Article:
“A while back, I realized the main reason people are struggling with social marketing: they zen_social_media_marketingare going against the natural order of things,” Shama Kabani writes in the introduction to her 2013 edition of “The Zen of Social Media Marketing.” She explains the problem is that “the traditional marketing rules cannot be applied” – social media is not a “marketer’s platform,” but a consumer’s. So how then can a marketer best utilize social media for his or her own marketing devices?

Kabani cautions against the “square peg” model of trying to disseminate a one-dimensional marketing message via social media. While these tactics may have worked for print newspaper or magazine articles in ye olde advertising past, they aren’t fit for the real-time posting, networking and re-posting environment of the internet.

Instead, Kabani describes the internet as a platform defined by “multiple online mediums” and dominated by mega networking websites such as Facebook, Twitter, LinkedIn, and Google+.  On these sites, consumers rule the conservations, content posting and reposting. They subdivide into groups by the colleges they attended and employers that they work for, and they choose to “follow” content that meets their interests.

To make this model work for marketers, Kabani breaks down best practices into three categories: attract, convert, and transform, or ACT. No matter what your product, she stresses that need to first attract viewers to your website, convert potential shoppers to customers, and transform, or repeat this cycle into you have gathered a regular traffic to your site. Whether your product is intellectual property or a physical good, Kabani argues that the same rules apply.  Social media elements like comment features, ratings and reposting options all play into the ACT cycle.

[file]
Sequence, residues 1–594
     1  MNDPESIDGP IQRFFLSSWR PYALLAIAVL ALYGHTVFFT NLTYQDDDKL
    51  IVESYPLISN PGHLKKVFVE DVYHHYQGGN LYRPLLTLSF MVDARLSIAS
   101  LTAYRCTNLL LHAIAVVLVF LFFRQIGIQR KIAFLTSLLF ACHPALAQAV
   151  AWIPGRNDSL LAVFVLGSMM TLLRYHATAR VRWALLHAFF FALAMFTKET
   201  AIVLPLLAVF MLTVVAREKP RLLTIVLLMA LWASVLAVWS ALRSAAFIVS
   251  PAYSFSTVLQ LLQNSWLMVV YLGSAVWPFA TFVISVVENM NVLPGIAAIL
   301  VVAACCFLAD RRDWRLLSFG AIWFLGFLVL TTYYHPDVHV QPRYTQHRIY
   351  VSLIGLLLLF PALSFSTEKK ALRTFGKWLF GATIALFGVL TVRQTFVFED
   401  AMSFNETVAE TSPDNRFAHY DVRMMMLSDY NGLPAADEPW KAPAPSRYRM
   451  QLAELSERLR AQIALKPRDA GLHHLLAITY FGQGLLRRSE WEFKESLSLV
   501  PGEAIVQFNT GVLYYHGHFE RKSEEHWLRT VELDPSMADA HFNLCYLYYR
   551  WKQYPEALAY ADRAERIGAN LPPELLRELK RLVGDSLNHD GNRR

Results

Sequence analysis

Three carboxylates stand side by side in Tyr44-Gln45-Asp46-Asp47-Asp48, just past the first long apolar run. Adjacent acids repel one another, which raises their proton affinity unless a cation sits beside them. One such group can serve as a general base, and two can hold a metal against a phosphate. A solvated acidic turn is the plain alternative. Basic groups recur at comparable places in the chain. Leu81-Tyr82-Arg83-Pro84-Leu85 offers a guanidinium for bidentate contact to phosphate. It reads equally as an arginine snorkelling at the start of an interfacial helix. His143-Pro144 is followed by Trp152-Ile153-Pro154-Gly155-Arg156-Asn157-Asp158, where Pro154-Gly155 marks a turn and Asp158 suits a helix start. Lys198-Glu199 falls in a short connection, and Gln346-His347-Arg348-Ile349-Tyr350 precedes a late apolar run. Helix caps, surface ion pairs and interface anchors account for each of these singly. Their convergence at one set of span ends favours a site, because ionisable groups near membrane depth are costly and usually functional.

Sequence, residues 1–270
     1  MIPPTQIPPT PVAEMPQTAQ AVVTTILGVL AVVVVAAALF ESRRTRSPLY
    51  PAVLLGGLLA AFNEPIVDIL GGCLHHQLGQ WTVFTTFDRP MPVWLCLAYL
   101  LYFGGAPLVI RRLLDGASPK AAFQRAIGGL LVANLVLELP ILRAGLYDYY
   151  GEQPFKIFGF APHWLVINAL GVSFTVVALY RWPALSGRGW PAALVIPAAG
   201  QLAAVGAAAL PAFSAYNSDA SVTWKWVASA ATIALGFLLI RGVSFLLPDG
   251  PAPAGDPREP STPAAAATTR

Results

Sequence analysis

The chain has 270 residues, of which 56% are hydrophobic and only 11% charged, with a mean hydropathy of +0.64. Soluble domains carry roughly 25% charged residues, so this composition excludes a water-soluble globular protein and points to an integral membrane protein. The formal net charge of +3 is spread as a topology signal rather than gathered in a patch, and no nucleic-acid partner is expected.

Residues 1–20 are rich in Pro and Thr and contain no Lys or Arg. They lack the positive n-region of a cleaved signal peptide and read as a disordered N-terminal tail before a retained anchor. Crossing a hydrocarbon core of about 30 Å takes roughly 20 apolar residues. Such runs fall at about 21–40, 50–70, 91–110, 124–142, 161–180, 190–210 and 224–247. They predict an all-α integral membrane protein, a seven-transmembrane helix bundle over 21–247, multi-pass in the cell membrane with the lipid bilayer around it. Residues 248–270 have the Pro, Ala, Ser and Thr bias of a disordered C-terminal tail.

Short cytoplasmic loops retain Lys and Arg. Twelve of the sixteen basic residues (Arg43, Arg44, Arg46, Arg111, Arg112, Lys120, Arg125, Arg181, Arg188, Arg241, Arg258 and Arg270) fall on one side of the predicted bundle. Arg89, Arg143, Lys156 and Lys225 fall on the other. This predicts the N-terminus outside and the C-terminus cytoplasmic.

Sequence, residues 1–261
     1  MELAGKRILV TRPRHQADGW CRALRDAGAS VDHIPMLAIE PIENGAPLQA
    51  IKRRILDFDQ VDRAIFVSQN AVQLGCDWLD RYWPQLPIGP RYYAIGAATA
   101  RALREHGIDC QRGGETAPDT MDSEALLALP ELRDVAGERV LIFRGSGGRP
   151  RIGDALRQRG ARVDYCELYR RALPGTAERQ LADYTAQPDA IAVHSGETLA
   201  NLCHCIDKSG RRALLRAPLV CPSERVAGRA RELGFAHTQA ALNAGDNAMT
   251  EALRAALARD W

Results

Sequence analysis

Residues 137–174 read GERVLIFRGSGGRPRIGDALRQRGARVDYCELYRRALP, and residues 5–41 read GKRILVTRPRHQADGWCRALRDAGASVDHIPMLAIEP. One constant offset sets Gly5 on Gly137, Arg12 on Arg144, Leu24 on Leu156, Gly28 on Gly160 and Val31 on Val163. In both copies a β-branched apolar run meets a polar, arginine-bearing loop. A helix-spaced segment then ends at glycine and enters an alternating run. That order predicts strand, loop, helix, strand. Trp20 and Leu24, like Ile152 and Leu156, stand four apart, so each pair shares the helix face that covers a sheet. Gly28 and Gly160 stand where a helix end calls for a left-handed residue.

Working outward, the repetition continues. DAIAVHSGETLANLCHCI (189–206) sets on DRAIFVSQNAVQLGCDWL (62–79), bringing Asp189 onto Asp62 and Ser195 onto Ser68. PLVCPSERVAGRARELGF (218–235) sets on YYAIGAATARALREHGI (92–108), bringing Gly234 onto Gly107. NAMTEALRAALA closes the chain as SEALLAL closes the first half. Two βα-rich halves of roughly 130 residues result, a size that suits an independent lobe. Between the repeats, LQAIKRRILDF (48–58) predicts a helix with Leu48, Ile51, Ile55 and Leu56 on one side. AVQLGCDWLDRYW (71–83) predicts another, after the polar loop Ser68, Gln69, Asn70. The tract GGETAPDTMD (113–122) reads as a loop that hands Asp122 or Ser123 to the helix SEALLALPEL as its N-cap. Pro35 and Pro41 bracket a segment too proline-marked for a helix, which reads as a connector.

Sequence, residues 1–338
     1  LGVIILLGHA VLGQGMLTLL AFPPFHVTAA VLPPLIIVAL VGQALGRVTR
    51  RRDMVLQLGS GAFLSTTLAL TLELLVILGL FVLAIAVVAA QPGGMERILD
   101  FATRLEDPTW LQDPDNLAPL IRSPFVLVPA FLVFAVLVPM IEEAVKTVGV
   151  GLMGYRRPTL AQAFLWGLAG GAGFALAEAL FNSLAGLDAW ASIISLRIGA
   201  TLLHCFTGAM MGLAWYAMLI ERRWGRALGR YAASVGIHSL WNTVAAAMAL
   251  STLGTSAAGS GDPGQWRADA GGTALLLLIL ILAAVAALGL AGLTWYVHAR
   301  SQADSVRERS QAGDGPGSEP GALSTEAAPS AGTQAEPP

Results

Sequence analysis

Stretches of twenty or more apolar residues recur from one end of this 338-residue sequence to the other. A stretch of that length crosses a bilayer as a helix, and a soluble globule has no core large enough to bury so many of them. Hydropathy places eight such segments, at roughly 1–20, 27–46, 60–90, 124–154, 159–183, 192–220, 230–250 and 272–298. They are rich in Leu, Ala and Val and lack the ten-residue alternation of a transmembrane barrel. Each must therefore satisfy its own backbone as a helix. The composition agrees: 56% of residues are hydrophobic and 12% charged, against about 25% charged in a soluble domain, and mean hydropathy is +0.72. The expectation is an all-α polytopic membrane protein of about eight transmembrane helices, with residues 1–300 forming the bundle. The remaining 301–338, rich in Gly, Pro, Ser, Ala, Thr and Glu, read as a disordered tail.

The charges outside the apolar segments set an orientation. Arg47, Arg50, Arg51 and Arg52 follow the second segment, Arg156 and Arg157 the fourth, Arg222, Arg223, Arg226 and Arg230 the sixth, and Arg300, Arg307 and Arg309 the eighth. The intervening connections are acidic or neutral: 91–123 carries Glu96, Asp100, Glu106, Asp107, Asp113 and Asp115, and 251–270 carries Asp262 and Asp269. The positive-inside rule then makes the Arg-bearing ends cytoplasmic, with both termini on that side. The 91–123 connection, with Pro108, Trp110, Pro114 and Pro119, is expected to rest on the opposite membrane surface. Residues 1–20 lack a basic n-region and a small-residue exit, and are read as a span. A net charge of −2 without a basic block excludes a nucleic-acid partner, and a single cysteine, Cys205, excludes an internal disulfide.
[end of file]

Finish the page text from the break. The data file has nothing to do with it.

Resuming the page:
After these basic rules, Kabani provides specific implementation tips for achieving ACT on Facebook, Twitter or LinkedIn, in addition to the company’s home page.  Most important is to recognize how your page reflects your brand, Kabani writes.  Customers want to “follow” and link to websites that reflect their interests and identities, not a generic label for a product that they use.  She emphasizes the need for companies to post about new ideas or initiatives that their company is pursuing instead of focusing on the technical details of their production process.

Kabani’s book is a quick, light read.  Many of her findings are not terribly surprising, but they are well fleshed out and formatted in easily digestible short paragraphs and bullet points.  Although the book’s target audience is marketers, consumers and potential website designers can benefit from its rules about best practices.  There is not much technical data about programming, but enough to get the layman started!

"The Zen of Social Media Marketing" by Shama Kabani, BenBella Books, Inc. Dallas, Texas. Copyright 2013.